Marching Orders: 5/2/18

An occasional update on the candidates, lawmakers and the legislation LEAP Forward is tracking.



For all the talk about local newspapers cutting back on political coverage, some are still doing a very good job of publishing profiles on candidates and races in their area. The Goshen News surveyed all the candidates running for the Democratic nomination in IN-02, including LEAPer Yatish Joshi:

We must implement humane and compassionate immigration policy with a path to citizenship for DACA recipients and their families to maintain American family values. I value the social, cultural, and economic contributions of our immigrant neighbors. Undocumented immigrants contribute significantly to the Elkhart economy and our industries are prospering because of their hard work. Immigrant families contribute to the vibrancy of our communities and America.”


Heather Sanborn (LEAP Foward endorsed in SD-28) received the endorsement of her colleague in the state House, Rep. Erik Jorgensen. In a letter to the Portland Press Herald, Jorgensen writes:

Heather is seeking the Democratic nomination for the District 28 Maine Senate seat (part of Portland and all of Westbrook) being vacated by Mark Dion, and I believe she would be the best choice in the June 12 primary.
Though she is serving her first term in the Maine House, she brings to the job years of experience as a public school teacher, a lawyer, a successful businessperson and a parent. This background has allowed her to quickly master the legislative process and to be effective from her first day.

North Carolina

The (Raleigh) News and Observer has a breakdown of the May 8 primary in the newly created 16th state Senate district between Wiley Nickel (LEAP Forward's choice in the race) and Luis Toledo. 

Nickel, a 42-year-old lawyer with family roots in California — he ran for a seat in the California state Senate a dozen years ago — worked on planning public events for Vice President Al Gore during the Clinton administration, on Gore's presidential campaign, and on Howard Dean's presidential campaign in 2004. He worked for former President Barack Obama for most of his first term, continuing to travel with him after moving to North Carolina in 2009.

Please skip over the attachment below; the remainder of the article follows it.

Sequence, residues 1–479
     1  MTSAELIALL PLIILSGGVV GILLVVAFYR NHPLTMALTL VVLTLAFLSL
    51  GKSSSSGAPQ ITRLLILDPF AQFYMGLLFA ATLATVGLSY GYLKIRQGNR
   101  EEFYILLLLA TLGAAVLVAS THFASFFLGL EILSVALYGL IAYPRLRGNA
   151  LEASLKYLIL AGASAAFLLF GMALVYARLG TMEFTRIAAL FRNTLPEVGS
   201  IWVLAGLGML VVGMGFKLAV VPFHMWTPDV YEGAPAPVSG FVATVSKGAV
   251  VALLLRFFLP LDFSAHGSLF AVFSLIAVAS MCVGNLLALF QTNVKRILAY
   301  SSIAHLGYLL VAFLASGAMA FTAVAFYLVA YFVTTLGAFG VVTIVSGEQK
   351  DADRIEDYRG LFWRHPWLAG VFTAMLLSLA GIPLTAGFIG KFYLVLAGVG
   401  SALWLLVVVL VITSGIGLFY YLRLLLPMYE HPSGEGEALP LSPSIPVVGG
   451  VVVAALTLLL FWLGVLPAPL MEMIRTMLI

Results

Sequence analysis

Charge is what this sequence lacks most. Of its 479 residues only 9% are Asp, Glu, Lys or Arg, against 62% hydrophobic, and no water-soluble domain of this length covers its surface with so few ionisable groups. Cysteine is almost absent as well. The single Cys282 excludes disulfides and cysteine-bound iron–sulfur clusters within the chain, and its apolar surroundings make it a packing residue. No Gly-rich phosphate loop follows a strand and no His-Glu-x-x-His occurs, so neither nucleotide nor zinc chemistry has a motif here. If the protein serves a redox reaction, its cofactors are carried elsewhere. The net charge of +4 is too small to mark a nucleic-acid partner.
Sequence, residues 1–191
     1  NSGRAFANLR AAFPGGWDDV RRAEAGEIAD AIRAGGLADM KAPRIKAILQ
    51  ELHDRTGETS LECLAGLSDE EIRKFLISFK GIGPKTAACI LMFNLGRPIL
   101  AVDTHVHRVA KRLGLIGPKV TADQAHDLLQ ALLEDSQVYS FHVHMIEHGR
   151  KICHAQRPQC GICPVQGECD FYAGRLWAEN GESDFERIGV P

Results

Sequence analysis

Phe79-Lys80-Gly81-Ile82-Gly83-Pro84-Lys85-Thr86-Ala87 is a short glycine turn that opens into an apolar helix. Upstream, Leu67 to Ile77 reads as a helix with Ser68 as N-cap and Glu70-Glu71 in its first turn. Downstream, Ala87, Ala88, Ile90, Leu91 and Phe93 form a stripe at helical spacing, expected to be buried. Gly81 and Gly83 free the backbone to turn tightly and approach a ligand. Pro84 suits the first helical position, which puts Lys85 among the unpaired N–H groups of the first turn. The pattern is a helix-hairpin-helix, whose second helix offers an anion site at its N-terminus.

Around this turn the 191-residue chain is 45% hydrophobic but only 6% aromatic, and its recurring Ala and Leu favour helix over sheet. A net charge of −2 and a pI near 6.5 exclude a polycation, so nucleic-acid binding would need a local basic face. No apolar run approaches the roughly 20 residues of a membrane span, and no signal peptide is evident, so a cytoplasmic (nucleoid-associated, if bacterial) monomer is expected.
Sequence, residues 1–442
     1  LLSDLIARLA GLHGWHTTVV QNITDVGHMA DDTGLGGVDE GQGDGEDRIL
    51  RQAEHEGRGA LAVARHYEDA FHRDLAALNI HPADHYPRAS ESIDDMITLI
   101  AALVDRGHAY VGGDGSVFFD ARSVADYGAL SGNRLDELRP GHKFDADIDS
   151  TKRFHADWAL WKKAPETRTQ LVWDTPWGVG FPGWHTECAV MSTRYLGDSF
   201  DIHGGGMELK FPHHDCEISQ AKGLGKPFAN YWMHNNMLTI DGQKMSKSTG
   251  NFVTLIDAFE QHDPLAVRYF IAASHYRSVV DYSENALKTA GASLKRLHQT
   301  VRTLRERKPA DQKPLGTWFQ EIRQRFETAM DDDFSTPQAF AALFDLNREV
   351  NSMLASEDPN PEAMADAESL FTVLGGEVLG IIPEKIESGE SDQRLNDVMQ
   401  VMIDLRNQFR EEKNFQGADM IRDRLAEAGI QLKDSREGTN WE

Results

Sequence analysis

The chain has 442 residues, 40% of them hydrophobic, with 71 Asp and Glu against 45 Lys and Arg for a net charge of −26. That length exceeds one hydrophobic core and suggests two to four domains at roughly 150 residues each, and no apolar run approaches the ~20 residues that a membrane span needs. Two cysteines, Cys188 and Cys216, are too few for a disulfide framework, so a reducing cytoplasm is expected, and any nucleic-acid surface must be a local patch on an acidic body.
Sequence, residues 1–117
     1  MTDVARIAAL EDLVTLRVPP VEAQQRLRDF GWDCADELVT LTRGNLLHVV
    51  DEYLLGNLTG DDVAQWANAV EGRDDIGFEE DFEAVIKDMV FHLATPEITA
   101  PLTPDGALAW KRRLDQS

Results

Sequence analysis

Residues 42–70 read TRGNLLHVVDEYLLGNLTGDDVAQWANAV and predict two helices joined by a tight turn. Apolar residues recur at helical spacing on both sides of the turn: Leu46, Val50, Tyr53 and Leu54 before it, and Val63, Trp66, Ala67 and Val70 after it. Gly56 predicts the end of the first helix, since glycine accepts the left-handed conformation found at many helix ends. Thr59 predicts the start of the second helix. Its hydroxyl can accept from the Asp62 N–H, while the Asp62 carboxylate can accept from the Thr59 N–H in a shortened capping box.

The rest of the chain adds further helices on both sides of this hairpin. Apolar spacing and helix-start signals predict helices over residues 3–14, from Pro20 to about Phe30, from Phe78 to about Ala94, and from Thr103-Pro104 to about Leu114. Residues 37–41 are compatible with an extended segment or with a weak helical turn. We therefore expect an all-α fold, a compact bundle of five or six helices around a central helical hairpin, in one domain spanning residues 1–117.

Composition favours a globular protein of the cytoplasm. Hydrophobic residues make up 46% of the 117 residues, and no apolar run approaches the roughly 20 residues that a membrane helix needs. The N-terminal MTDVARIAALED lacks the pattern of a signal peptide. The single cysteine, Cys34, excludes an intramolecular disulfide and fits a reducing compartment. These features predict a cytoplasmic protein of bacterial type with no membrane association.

"For 22 years, I've been involved in politics at a national, highest level," Nickel said. "I'm somebody from Day One who could effectively represent this district."

Christy Clark (LEAP Foward endorsed in HD-90) gets a nod from the editorial board of the Charlotte Observer:

Clark offers a strong familiarity with the General Assembly thanks to five years of work with gun violence prevention groups. Also, as a paralegal, Clark helps entrepreneurs and business owners launch their companies, giving her a keener insight into their challenges.
In this comfortably Republican district, a moderate Democrat has a better chance of upending Bradford, and Clark boasts a stronger network of support. Democrats who want to gain a seat in the NC House should give her the nod.


LEAPer Shawna Roberts (OH-06) was recently featured on the Washington State Indivisble Podcast National Candidate Series. The show can be listened to in its entirety HERE. Roberts' primary election in Ohio is on May 8, with the winner likely facing incumbent Rep. Bill Johnson in November.  

raley_rick_logo.PNG rolled out endorsement editorials, and gave their blessing to Rick Raley in next week's Democratic primary.

All the candidates believe cuts in state aid have damaged local communities and wrongly added to the tax burdens of cash-strapped cities and inner-ring suburbs. Burgio said more funding was especially needed for infrastructure. Holecko highlighted equity issues in both taxation and school funding. Raley said the state's leaders have shorted Ohio's critical needs in education and jobs. Sweeney criticized a lucrative recent tax break for sole proprietors.
Each candidate has strengths. But Raley has the sharpest focus on the district's challenges and needs. Among the four Democrats, Rick Raley would be the 14th District's strongest spokesman.


Wade Munday (SD-25) was profiled in the local Smokey Barn News out of Robertson County, TN, which highlights Munday's unique approach to politics:

He was called to religion and public service thinking that he might become a minister or a missionary. After seeing so many politicians who turn public service into personal service, he decided that women and men like the ones he knew, honest and ethical folks, were the ones who need to run for office. So, he began working on campaigns and elections for ordinary folks across the nation and the state.
Politics hasn’t been everything, though. Wade’s public service includes work at an international pediatric cancer research hospital, the National Health Care for the Homeless Council, and now as the Executive Director of Tennessee Justice for Our Neighbors. Staff attorneys at Justice for Our Neighbors, originally a ministry of the United Methodist Church, help more than 500 victims of human trafficking, war, and domestic violence with humanitarian legal services each year.

Munday faces incumbent Republican Kerry Roberts in the November election. He is unopposed in the primary.